To enjoy Excel fully, you must know how to use the IF-THEN function.

The IF-THEN is one of Excel’s most impressive functions, as you can use it to analyze data, draw inferences and make decisions under certain preset conditions. But what exactly are IF-THEN statements, and how can you start using them?

In this guide, we’ll show you how to use IF-THEN statements to improve your mastery of Excel.

**Table of Contents**

## What are IF-THEN Statements in Excel?

The syntax usually looks like this:

Using the If function, I set a condition using the syntax:

I then extended this function to the other respective cells using a simple autofill trick. Check out our guide on using Excel like a pro for some helpful tricks to make your Excel experience easier.

It’s important to note that the IF-THEN statement only allows you to set a condition for two variables. That means you can only set conditions including, say, the data value in cells B1 and C1 or a condition including data values in cell B1 and a defined integer or text.

For example, you can set a condition instructing Excel to return a response of “Yes” if the value in cell B1 is greater than the value of cell B2 as shown in the example above. Or, you can set a condition asking Excel to return the response ”yes” or “no” if the value of cell B1 is greater or less than 1000.

Here’s a quick example:

Here, I told Excel to return the response “yes” if the data value in cell C1 is greater than 5000 and “no” if the value is less than 5000.

Here’s the response Excel returned:

As mentioned earlier, the IF-THEN statement is a powerful Excel function with numerous benefits. Learning to use this function properly will astronomically increase your mastery of Excel.

## The Benefits of IF-THEN Statements In Excel

Here are some benefits that IF-THEN statements in Excel can offer you:

### Checking for Errors in Data

You can use IF-THEN statements to check for errors when inputting data into the spreadsheet.

### Calculating Debt Schedule or Depreciation Schedule

Financial Analysts can use IF-THEN statements to calculate debt and depreciation schedules.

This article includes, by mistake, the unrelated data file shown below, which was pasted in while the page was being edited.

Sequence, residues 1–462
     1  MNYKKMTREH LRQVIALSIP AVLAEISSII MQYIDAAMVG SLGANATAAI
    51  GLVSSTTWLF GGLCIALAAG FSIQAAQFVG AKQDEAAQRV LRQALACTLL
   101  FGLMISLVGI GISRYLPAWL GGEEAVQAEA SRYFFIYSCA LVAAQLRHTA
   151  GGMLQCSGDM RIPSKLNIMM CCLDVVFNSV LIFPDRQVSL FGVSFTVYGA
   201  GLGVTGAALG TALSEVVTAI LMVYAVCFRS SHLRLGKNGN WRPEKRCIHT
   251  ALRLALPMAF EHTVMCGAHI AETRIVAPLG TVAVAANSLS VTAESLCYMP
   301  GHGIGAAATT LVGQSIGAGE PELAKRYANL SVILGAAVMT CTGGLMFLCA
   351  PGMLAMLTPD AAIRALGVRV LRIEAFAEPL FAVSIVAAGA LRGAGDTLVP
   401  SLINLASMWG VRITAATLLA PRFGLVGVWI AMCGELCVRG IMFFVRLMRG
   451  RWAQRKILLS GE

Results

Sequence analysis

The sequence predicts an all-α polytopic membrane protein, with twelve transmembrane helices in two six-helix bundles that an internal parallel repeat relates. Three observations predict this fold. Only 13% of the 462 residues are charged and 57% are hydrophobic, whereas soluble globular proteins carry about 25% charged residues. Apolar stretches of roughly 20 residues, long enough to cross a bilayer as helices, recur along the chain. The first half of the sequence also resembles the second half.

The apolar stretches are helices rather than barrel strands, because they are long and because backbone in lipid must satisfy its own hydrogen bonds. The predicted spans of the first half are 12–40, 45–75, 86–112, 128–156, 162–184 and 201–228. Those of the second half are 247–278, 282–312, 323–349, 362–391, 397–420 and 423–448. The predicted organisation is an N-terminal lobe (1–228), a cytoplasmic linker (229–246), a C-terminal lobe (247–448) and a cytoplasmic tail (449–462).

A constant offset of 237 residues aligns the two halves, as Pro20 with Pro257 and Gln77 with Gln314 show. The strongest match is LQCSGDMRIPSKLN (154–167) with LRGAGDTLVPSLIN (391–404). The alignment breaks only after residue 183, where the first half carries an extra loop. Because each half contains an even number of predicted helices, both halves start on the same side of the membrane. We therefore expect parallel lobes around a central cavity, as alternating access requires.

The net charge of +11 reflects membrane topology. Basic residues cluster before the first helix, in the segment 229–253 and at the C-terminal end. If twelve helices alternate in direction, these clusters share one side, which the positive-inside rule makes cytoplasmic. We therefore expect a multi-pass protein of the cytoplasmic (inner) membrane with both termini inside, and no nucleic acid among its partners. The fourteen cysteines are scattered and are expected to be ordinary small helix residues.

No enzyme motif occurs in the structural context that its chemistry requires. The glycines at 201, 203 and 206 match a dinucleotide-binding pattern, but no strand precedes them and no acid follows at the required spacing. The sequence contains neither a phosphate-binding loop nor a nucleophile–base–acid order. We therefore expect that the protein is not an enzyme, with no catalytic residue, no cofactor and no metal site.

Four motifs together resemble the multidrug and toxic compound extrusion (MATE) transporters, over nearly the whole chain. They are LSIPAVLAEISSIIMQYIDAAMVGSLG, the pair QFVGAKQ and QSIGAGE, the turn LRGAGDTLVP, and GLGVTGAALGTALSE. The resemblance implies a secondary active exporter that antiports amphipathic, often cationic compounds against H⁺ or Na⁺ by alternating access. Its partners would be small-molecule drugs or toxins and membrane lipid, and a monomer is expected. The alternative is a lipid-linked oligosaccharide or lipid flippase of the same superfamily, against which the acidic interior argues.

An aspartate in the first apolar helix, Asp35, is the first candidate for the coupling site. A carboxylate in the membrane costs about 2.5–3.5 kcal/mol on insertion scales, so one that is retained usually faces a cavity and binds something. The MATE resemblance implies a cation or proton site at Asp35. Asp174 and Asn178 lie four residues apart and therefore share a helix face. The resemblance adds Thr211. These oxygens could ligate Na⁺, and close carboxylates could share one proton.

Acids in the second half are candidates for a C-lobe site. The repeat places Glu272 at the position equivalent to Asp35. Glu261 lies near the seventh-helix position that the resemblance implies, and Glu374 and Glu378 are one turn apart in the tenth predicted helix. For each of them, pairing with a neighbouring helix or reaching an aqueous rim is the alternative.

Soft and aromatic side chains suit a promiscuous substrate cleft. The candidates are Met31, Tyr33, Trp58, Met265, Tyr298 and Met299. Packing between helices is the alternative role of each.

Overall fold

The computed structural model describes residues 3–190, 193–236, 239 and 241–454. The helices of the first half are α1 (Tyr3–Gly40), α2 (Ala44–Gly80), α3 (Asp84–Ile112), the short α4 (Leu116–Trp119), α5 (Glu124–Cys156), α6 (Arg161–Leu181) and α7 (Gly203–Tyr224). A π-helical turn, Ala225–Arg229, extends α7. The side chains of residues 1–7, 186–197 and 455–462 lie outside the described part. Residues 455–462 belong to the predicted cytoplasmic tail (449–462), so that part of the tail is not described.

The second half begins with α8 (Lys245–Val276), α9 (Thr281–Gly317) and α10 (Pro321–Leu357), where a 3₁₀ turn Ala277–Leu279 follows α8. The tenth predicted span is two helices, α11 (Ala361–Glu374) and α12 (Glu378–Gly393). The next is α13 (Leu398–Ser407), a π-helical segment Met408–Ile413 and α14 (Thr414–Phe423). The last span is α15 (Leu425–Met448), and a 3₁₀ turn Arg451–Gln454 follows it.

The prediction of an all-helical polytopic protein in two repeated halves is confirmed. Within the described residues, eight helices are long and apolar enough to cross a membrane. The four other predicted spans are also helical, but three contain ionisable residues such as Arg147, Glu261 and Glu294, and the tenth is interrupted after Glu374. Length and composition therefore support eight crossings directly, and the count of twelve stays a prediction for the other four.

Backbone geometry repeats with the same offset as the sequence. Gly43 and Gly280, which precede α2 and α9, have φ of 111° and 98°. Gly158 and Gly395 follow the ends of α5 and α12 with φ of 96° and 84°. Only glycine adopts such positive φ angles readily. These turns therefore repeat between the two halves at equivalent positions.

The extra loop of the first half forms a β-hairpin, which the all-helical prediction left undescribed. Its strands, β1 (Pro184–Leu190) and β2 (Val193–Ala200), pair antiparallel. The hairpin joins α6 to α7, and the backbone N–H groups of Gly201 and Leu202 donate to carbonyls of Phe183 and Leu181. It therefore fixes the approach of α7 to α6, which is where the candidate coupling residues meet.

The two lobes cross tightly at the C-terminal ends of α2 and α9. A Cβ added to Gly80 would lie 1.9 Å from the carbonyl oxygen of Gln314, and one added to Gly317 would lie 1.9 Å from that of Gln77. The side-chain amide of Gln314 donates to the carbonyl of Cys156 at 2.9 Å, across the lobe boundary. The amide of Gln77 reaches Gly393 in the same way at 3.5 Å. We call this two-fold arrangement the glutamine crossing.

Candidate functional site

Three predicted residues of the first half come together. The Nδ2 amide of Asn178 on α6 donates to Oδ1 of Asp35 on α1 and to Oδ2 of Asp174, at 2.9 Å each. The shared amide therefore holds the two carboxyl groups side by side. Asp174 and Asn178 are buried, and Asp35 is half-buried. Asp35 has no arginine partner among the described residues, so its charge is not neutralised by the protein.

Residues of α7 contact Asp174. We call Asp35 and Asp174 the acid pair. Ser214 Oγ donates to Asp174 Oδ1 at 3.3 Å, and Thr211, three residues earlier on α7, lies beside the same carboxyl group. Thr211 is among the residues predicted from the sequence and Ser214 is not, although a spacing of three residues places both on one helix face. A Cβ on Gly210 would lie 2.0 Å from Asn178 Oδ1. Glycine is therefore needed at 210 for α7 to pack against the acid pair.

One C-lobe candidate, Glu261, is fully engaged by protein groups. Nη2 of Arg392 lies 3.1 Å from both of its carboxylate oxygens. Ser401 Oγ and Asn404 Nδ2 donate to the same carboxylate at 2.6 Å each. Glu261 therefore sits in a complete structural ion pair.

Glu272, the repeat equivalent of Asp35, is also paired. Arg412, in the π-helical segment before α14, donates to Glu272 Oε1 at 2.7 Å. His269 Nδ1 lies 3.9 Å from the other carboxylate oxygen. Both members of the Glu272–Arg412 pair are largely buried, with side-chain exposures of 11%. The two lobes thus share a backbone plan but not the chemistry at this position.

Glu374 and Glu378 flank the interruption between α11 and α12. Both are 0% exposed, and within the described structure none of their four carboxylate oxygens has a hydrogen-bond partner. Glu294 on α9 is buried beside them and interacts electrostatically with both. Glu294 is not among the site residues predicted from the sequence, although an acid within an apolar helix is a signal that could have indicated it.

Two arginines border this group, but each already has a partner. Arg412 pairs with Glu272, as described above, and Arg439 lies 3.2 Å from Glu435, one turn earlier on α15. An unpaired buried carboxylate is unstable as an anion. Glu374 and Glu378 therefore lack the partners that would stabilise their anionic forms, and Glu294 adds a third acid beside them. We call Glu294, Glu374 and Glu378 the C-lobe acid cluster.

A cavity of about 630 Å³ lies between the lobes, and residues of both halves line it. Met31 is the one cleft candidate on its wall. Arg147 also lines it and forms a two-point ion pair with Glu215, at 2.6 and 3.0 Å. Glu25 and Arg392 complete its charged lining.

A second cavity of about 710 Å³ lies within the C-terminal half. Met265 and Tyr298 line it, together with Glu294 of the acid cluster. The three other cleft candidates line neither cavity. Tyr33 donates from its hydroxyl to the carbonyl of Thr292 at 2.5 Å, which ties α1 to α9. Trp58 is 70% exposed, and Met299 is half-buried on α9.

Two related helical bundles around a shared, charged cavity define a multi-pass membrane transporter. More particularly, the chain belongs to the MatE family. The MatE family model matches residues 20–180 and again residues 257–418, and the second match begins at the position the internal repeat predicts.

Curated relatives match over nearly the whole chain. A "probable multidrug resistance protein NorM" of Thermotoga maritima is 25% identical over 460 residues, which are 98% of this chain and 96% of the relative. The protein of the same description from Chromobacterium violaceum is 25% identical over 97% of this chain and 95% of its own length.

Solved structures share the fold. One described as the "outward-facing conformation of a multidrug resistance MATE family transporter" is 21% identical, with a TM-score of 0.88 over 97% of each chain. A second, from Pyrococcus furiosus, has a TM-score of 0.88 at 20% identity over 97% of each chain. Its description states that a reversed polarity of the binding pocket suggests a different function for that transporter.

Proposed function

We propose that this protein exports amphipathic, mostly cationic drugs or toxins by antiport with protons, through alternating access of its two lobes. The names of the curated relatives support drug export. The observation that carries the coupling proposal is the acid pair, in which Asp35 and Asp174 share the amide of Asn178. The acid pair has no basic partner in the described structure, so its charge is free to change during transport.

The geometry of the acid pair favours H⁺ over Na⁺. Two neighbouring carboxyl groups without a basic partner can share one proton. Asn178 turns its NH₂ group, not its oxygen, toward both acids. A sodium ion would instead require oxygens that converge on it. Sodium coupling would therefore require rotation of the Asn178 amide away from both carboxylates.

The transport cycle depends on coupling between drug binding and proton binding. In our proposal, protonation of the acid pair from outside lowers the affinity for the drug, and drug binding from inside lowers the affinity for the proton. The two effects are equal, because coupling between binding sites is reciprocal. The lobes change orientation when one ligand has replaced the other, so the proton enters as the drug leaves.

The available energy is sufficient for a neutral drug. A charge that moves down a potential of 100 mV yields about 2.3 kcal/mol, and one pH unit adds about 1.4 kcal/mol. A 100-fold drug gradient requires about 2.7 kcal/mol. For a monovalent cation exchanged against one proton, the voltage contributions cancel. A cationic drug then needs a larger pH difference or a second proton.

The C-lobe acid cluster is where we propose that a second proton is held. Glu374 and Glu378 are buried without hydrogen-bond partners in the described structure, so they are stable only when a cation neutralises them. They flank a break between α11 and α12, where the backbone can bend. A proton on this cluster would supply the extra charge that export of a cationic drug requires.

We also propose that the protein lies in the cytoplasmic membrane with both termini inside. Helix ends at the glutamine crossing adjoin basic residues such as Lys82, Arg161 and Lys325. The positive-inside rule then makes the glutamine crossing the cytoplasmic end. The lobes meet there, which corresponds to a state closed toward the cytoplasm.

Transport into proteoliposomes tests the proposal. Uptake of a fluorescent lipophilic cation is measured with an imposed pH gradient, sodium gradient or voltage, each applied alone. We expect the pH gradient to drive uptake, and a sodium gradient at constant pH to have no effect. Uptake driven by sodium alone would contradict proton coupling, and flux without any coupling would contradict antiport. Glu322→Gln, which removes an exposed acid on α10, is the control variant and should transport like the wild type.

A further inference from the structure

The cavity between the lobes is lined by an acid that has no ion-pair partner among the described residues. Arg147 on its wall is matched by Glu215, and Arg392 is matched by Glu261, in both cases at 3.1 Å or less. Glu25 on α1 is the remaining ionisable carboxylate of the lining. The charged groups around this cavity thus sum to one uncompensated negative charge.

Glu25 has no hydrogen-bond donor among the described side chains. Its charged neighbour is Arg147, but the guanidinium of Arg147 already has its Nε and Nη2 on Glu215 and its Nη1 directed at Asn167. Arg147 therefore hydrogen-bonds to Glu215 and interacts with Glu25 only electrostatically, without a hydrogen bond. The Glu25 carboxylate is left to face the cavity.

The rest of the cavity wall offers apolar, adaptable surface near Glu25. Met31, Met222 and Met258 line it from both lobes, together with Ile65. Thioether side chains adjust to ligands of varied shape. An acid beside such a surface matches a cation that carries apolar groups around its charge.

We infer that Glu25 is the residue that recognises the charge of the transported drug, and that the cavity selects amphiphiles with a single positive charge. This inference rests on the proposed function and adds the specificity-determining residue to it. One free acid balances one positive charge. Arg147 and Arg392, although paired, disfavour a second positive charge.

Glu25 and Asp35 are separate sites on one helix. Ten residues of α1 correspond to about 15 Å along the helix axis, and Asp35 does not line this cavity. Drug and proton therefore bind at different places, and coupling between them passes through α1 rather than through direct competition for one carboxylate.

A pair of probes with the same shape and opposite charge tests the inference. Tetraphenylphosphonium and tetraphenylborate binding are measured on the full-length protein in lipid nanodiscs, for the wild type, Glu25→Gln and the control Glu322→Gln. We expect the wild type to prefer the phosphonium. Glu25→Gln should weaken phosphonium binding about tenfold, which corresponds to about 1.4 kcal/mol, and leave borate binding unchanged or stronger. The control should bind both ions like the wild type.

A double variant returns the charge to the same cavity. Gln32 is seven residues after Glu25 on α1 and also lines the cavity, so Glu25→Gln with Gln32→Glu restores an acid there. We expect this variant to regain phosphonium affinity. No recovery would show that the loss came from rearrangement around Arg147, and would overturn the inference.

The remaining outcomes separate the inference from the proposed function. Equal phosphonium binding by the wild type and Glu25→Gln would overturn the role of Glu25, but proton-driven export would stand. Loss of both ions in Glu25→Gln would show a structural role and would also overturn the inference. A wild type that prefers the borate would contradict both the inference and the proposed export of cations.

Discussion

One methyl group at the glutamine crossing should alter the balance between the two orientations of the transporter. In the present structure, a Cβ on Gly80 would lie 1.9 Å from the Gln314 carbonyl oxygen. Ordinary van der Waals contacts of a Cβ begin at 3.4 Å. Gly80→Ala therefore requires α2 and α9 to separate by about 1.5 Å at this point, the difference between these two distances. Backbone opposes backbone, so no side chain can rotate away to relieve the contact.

### For Budgeting

### To Organize Data

### Works Well With Other Formulas

## How to Use IF-THEN Statements in Excel

**Step 1:** Click on the cell you wish to format, say cell A1.

**Step 2: **Write the IF-THEN function formula directly into the cell box.

**Step 3:** Begin writing your conditions and expected responses to said conditions.

Here’s an alternative step-by-step you can use.

**Alternative Step 1:** Click on the “Formulas” tab in the taskbar menu of your Excel program.

**Alternative Step 2:** Click on the “Insert Function” option, which will launch a dialog menu:

### Writing IF-THEN Function for texts

**Step 1: **Click on the cell box where you want to insert the function.

**Step 2:** Write the “equal” (=) sign.

**Step 4: **After writing the if statement, click enter.

In this example, using the IF-THEN function:

However, we can test the other way around using the function:

Note: Always insert double quotation marks when stating your text parameters.

IF-THEN statements are case-insensitive unless otherwise stated.

### Writing IF-THEN Functions for Numbers

You must know the basic Excel operators and their signs before writing IF-THEN statements in Excel for numbers. Here’s a guide to Excel that will help you learn the basic Excel formulas, operators, and more.

Follow these steps.

**Step 1:** Click on the cell box where you want to insert the function.

**Step 2: **Write the “equal” (=) sign.

**Step 3:** Start writing the if statement, along with the conditions for the test and the responses to be returned.